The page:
Last year we lost one of the best crime crime writers in Texas, Milton T. Burton. He had a unique and knowledgeable take on the the state’s people as well as its sordid history. He left us before he had the chance to have the career many of us hoped he’d have. His posthumously published The Devil’s Odds demonstrates his great promise.
The World War Two era novel features Virgil Tucker, an affable stand-up-if-slightly tarnished Texas Ranger who decides to help out a red headed damsel in distress. The lady witnessed a murder and its circumstances, as well as those involved, prevent her from going directly to the police. It’s not long before Virgil is involved in a turf war between the New Orleans mafia and the infamous Maceo Brothers over gambling in Galveston. It also turns out the damsel might not be so innocent. Before it is over, the book becomes a free wheeling game of cowboys and gangsters.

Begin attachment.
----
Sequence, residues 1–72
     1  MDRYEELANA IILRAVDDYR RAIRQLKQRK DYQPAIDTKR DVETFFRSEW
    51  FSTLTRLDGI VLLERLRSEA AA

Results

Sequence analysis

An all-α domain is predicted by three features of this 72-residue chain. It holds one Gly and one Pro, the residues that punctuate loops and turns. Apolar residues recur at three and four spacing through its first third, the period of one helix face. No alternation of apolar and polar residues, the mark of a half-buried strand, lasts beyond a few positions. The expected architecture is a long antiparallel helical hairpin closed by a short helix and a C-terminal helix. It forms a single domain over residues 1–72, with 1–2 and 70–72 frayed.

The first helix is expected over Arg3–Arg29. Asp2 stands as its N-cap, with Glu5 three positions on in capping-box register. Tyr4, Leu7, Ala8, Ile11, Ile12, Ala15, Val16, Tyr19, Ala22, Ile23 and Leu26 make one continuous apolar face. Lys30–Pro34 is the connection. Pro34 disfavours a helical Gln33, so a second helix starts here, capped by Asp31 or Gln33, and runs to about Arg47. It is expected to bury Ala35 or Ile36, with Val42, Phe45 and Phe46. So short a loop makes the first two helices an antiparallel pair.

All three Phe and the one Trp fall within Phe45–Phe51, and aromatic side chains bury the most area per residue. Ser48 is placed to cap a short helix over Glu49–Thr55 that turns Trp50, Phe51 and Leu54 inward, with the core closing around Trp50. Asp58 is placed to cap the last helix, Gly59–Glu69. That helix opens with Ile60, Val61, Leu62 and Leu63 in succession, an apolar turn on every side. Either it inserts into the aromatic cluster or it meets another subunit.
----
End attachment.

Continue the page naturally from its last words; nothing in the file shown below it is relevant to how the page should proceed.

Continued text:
Burton makes this era breathe. You get caught up in the rough glamor of Galveston’s gambling scene and wish you had Virgil’s self confidence as he swaggers into trouble. It’s a fascinating world of “good” and “bad” political corruption, strong frontier women, and western justice that hasn’t died, all done with enough humor to make it human. Welcome to noir, Texas style.
You’ll be missed Milton.